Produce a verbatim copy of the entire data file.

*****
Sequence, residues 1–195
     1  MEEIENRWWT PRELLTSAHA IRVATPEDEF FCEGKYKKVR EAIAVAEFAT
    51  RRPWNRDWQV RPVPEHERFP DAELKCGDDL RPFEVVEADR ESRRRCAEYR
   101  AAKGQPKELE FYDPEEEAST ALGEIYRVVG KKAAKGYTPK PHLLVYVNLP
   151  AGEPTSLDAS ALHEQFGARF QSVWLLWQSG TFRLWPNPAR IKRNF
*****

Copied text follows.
Sequence, residues 1–195
     1  MEEIENRWWT PRELLTSAHA IRVATPEDEF FCEGKYKKVR EAIAVAEFAT
    51  RRPWNRDWQV RPVPEHERFP DAELKCGDDL RPFEVVEADR ESRRRCAEYR
   101  AAKGQPKELE FYDPEEEAST ALGEIYRVVG KKAAKGYTPK PHLLVYVNLP
   151  AGEPTSLDAS ALHEQFGARF QSVWLLWQSG TFRLWPNPAR IKRNF